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Cold Caps for Chemotherapy

Posted 4/14/2016

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  You may be familiar with cold caps that are advertised to prevent hair loss for women who are receiving chemotherapy. This is not an entirely new idea. Maybe twenty years ago, a different company had a similar product that was short-lived. It was expensive, very uncomfortable, and didn't work.

  This is an excellent summary from a colleague, Leora Kraus, who wrote this to share with her colleagues:

Chemotherapy Induced Alopecia and the Use of "cold caps" to Prevent Hair Loss

All systems work using the process of vasoconstriction, limiting the amount of chemotherapy that reaches hair follicles. Trials in Europe have shown the cold caps do not seem to impact the efficacy of chemotherapy treating solid tumor cancers. Most manufacturers of cold caps do not recommend them for patients with lymphomas, leukemias and melanomas. Oncologists should discuss the process with their patients as there can be concerns about scalp metastases.

Success using the caps varies. It will really depend on the type of chemotherapy, it's duration and  especially the patient's commitment and strict adherence to the use of the product.

The basic product is a gel filled cap which looks like a soft helmet and  which must be chilled to -30 degrees. There are several velcro straps and adjustments to assure a tight fit and contact with the entire scalp. It's best to begin freezing these caps the night before treatment. A frozen cap will be needed about  every 25 min so  caps (?6-8)  must kept in a cooler of dry ice not far from patient. Wetting the hair helps with the cold transfer. You must have an assistant to help quickly retrieve and tightly fit you at each cap change.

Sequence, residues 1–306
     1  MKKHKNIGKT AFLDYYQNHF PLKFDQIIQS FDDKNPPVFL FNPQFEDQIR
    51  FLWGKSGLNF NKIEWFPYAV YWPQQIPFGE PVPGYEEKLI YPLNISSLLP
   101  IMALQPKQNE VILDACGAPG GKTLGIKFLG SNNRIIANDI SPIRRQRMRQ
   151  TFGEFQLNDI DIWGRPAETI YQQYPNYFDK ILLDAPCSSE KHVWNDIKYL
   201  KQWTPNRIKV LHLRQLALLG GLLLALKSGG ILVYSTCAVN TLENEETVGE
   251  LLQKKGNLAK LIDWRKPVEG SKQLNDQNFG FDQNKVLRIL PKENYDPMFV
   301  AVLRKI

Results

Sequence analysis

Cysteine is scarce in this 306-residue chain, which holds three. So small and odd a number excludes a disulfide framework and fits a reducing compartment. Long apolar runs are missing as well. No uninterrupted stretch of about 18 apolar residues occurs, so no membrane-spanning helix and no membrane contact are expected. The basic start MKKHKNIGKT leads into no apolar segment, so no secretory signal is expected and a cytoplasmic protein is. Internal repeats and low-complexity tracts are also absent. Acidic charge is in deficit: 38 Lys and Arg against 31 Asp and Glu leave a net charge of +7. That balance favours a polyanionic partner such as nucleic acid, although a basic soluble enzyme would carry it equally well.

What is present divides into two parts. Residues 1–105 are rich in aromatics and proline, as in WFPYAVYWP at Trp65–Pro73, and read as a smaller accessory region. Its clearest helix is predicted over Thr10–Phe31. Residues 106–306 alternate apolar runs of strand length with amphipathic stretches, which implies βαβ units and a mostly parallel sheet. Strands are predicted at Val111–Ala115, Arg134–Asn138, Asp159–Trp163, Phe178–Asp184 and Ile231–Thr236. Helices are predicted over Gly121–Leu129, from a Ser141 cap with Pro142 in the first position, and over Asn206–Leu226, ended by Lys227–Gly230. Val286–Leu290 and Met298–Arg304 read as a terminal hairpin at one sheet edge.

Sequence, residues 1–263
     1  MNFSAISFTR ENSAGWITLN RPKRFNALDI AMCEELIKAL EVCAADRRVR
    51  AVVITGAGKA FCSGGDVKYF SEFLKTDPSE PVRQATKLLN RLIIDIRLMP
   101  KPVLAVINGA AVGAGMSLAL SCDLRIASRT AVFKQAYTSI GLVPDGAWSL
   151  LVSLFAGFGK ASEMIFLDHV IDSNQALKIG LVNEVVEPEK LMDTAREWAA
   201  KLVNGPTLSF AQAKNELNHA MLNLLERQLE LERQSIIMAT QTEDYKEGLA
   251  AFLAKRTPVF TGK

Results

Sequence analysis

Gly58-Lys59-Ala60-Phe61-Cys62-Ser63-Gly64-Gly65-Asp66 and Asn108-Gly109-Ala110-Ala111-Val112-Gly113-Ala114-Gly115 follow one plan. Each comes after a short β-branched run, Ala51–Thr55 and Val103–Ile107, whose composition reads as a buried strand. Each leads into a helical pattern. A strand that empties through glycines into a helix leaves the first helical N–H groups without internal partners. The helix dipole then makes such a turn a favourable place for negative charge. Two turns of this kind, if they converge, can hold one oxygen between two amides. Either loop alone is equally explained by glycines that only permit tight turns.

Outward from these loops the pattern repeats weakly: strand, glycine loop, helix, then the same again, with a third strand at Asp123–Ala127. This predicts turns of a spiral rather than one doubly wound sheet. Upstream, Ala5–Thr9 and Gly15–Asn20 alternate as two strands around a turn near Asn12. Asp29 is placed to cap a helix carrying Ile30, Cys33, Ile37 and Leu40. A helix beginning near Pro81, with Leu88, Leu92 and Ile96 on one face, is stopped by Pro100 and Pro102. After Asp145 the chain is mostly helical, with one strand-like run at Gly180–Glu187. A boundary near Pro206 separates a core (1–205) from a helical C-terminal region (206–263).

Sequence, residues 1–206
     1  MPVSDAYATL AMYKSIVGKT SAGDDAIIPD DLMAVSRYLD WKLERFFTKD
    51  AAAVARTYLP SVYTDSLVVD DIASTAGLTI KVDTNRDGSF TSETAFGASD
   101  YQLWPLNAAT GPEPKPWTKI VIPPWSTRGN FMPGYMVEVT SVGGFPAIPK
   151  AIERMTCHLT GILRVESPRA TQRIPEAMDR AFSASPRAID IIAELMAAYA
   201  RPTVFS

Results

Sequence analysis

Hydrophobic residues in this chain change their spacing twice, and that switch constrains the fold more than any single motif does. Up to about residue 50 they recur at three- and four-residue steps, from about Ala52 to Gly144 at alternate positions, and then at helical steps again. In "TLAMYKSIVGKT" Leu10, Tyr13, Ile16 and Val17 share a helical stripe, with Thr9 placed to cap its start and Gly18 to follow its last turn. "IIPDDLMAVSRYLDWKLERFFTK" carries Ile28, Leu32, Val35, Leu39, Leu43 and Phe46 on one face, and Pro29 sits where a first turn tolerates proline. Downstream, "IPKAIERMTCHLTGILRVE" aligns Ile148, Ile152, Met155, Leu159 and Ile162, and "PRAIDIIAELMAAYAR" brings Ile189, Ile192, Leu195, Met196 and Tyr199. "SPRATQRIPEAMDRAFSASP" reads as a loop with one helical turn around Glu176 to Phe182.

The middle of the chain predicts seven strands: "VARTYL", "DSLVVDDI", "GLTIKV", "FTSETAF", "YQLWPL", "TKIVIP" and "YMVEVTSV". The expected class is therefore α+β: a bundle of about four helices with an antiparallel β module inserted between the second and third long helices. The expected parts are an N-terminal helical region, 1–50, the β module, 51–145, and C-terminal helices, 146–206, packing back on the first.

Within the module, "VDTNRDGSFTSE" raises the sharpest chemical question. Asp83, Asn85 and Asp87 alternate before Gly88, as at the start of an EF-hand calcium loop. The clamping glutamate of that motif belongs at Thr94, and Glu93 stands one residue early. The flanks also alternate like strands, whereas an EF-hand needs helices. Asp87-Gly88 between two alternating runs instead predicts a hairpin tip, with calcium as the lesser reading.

The first cap should go on about 30 min before chemotherapy administration and caps should continue to be rotated on for several hours post treatment per some manufacturers.

Yes... patients report wearing three pounds of dry ice on their heads hurts. Descriptions of "an ice cream headache" are common. Body temp may lower requiring extra clothes/blankets. Other obstacles to use may be: cost and having an "assistant". (In some larger cities patients can hire a "capper" to assist them bringing the heavy cooler to the clinic and rapidly replacing and fitting caps during treatments).
Currently, personal cold cap technology is not FDA approved and insurance will not cover it. Anecdotally,  there are some stories of insurance allowing their wig allowance to be used towards the cost of cold caps, however the cold caps products are quite expensive.
  (The commercial, computerized equipment, Dignicap WAS FDA approved  12/2015 and uses a  large machine to send a flow of cold liquid into a cap. About 10 cancer centers appear to have  or rent these in the US. Cost to pt starts at $300 per treatment and is not covered by insurance. Staff need to operate the equipment)

The two most established companies  are Penguin Cold Caps and Arctic Cold Caps. Patients should consider what's included in their prices: who supplies  the cooler, and  various  items, in addition to the caps, that are needed for best results. Monthly rental for 6 or 8 caps is between $450 and $650 a month and usually there is a month's security deposit upfront. Dry ice and a cooler capable of keeping all the caps at -30 is necessary. An infared thermometer, a timer, a sprayer bottle for water, extra straps or headbands for a better fit and gloves are  helpful and may or may not be included in the monthly rental.
Elasto Gel is a company that has started selling individual caps for about $85 each.

Success rates for any of these vary. Patients must be highly motivated. It also helps if they are doing other things to prevent hair loss such as treating hair gently, using a satin pillowcase, infrequent shampooing or using dry shampoo etc.  Also success is a relative term. Some patients are very pleased with these products if the end result is only significant thinning but not total hair loss. I would encourage patients to watch the videos the manufacturers have on line, read the reviews and speak to patients who've actually tried these systems.


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